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Are close-following and breaching behaviours by basking sharks at aggregation sites related to courtship?

  • Mauvis Gore (a1), Lotte Abels (a1), Shane Wasik (a2), Luke Saddler (a2) and Rupert Ormond (a1)...

Basking sharks Cetorhinus maximus tend to aggregate in summer at favoured locations along Britain and Ireland's west coast. Sharks have been described approaching and close-following one another, often to one side. This has been interpreted as putative pre-mating behaviour. At aggregation sites around the Inner Hebrides we used boat-based observation and in-water and overhead drone video-photography to document behaviour and to determine the sex of individuals. It was confirmed that a shark will frequently move purposely towards another from a distance and swim to maintain a position either directly behind or closely to one side of a conspecific for short periods. Contrary to expectation, we found no relationship between the sex of a shark or its size and close-following. This suggests that following behaviours are not mainly related to courtship. Further, abrasions on the nose suspected to be related to male behaviour were found to occur on both sexes, although abrasions on pectoral fins, similarly suggestive of mating-related behaviour, were predominantly on females. Breaching by basking sharks has also been proposed as a means of attracting the opposite sex. We observed breaching by solitary sharks but commonly by sharks within aggregations, and at other times by more than one shark on the same day at the same time; but there was not any clear evidence to indicate that breaching is primarily related to mating. More likely individuals show close following chiefly for feeding-related hydrodynamic advantage. It remains plausible however that mature sharks make use of feeding aggregations to initiate pre-courtship behaviour.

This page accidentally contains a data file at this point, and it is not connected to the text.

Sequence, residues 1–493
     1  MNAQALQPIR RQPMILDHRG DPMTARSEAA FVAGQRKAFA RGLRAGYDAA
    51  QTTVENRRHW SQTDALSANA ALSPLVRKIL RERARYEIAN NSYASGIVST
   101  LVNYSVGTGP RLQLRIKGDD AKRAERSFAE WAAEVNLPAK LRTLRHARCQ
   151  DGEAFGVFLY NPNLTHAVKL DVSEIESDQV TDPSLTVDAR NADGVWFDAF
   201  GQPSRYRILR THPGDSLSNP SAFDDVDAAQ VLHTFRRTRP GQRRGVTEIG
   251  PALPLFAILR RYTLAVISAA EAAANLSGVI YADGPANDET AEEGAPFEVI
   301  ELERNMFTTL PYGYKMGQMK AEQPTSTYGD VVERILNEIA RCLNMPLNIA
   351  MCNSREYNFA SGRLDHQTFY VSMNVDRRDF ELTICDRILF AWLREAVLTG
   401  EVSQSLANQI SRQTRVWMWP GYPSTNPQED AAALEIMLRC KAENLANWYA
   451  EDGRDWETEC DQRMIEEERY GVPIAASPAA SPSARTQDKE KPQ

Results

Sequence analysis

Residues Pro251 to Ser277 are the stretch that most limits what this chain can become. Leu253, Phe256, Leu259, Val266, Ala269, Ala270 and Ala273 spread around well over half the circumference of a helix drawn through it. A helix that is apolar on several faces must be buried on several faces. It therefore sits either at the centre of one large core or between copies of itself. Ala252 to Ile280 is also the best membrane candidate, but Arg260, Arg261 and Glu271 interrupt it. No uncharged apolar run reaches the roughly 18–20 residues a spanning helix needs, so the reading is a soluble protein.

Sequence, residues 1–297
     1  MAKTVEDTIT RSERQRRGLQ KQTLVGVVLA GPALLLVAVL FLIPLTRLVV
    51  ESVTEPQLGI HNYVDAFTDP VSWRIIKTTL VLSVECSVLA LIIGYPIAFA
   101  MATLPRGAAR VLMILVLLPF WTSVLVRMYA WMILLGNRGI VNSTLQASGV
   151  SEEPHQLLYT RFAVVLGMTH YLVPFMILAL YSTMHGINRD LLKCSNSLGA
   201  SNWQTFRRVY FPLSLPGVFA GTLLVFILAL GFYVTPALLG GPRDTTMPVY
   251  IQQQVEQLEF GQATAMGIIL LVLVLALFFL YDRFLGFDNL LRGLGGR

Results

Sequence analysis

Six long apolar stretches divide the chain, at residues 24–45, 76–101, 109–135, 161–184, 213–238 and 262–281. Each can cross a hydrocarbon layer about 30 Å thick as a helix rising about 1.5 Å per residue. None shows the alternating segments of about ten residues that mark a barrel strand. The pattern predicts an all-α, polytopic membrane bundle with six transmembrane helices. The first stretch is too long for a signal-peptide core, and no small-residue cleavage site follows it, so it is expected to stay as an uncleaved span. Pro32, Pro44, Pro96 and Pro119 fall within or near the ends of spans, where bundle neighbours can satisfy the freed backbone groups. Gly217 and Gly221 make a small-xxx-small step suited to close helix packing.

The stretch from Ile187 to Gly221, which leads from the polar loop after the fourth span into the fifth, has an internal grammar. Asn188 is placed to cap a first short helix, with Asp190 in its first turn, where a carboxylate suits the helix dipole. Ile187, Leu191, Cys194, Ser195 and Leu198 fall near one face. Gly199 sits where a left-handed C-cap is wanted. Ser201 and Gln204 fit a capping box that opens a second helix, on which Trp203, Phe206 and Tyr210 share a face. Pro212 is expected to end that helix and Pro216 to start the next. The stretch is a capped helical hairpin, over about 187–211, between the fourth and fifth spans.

Corresponding author
Correspondence should be addressed to: M. Gore, Marine Conservation International and Heriot-Watt University, Edinburgh, Scotland email:
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Journal of the Marine Biological Association of the United Kingdom
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